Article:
At dawn, Mario awaits execution on the ramparts of Castel Sant’Angelo. Floria appears and explains what has happened. The two imagine their future in freedom. As the execution squad arrives, Floria implores Mario to fake his death convincingly, then watches from a distance. The soldiers fire and depart. When Mario doesn’t move, Floria realizes the execution was real and that Scarpia has betrayed her. Scarpia’s men rush in to arrest her, but before they can, she leaps from the ramparts to her death.
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Getting back to my visit at Castel Sant’Angelo, as I got closer, I started to relate the castle’s layout and its various landmarks to the setting of Tosca, the opera. I could see where Mario is shot to death in the final scene: in the open courtyard right beneath the very large statue of Michael the Archangel decorating the top of the castle. What was less obvious was the side of the castle from which Floria jumped to her death. I made an educated guess that Floria probably jumped from the left side, which has a clear view of St. Peter’s Basilica in the Vatican. Earlier, while reading Tosca’s synopsis, I had seen a reference about the visibility of the Basilica on the morning of those tragic events. With this in mind, I decided to start my tour of the interior from the left side.
Inside the castle, everything looked interesting. I especially enjoyed the spectacular views of Rome from the top of the castle. I also tried to imagine what the site would look like at night. One of Mario’s last arias, And the Stars Were Shining (E Lucevan le Stelle), is sung during the night as he awaits execution. Similarly, when Floria realizes Mario has been executed and is dead, she jumps to her death as the sun is rising. In short, the entire third act of Tosca takes place at night. This is why I was curious about the look of the site at night. Then I remembered that I did not have to do much imagining – I had tickets for a performance of Tosca (select arias only) the following night, at a venue located only a few meters away from Castel Sant’Angelo. So, I was going to have the opportunity to see and experience the site first-hand at night.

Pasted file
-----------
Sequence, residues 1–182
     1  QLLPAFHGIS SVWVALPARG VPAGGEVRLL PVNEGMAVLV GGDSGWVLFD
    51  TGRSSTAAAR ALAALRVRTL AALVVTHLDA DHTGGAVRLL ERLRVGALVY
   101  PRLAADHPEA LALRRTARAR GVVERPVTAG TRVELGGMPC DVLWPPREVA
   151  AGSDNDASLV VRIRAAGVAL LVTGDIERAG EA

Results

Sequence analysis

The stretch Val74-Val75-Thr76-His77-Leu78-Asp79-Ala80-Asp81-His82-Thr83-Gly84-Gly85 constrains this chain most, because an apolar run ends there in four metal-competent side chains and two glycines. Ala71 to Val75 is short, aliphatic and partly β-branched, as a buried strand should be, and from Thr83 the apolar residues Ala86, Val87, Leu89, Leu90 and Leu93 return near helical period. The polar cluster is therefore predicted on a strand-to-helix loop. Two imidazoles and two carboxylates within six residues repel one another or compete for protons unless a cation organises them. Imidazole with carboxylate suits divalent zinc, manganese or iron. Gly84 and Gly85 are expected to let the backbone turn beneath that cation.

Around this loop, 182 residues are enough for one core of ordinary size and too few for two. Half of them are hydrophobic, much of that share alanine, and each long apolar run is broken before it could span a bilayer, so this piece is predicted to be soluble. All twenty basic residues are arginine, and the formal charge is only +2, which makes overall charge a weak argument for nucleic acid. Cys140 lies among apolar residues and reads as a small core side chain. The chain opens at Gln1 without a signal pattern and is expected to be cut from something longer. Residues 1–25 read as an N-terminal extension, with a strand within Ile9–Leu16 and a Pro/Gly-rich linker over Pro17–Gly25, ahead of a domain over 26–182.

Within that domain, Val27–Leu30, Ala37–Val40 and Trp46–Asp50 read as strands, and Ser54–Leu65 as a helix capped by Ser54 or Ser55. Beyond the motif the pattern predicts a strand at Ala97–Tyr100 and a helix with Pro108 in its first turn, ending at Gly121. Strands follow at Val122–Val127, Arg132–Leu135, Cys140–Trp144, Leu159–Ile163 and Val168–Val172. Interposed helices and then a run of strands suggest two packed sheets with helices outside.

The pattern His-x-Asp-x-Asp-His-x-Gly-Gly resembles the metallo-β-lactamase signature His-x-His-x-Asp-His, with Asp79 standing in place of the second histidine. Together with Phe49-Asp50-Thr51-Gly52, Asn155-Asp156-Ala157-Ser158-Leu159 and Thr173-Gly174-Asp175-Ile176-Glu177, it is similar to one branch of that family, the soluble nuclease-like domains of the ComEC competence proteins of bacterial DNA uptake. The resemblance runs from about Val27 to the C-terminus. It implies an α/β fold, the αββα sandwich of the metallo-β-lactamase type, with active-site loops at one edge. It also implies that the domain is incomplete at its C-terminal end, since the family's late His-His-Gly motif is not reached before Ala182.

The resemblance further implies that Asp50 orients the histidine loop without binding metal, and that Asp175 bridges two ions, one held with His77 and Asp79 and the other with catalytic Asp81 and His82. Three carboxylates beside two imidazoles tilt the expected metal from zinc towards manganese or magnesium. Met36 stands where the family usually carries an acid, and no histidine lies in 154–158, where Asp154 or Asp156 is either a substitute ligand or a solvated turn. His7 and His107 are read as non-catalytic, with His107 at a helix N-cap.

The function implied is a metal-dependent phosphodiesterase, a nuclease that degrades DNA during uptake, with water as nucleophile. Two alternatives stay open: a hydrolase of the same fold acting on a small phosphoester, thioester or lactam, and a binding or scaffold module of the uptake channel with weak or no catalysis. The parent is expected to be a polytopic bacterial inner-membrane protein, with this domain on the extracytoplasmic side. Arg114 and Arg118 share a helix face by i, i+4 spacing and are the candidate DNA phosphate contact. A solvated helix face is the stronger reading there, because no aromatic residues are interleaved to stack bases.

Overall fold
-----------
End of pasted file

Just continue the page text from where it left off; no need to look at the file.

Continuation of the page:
The next evening, at the opera house across the river from Castel Sant’Angelo, when I took my seat at the circular seating arrangement constructed specifically for the opera, I was excited. What a treat this was going to be! I could barely wait to listen to some of my favorite arias. Then, beautiful melodies and divine voices started to fill the air. It was pure magic, and it continued for 90 delightful minutes. I was enthralled by all I was hearing and seeing, but above all, Puccini’s music was definitely touching the depths of my being. That night, long after the performance ended, a heart-wrenching aria, the one Mario sings on the eve of his execution, continued to play in my mind, over and over:
And the stars were shining,
And the earth was scented.
The gate of the garden creaked
And a footstep grazed the sand…
Fragrant, she entered
And fell into my arms.
Oh, sweet kisses and languorous caresses,
While trembling I stripped the beautiful form of its veils!
Forever, my dream of love has vanished.
That moment has fled, and I die in desperation.
And I die in desperation!
And I never before loved life so much,
Loved life so much!
Thank you, Live in HD and Live Cinema Season for bringing so much opera into my life. And, of course, thank you Giacomo Puccini for creating such a timeless treasure as Tosca! I sometimes wonder if Puccini was familiar with British poet John Keats’ words, “A thing of beauty is a joy forever.” Keats died in Rome, about 80 years before Puccini composed Tosca. I hope Puccini had heard of Keats’ words, for his Tosca is surely a thing of beauty, and no doubt, it will continue to bring joy to audiences forever.
Aysel K. Basci is a nonfiction writer and literary translator currently working on various titles. She was born and raised in Cyprus and moved to the United States, in 1975. Aysel is retired and currently resides in the Washington DC area. Her writing recently appeared in the Michigan Quarterly Review, the Bosphorus Review of Books, the Adelaide Literary Magazine and Entropy.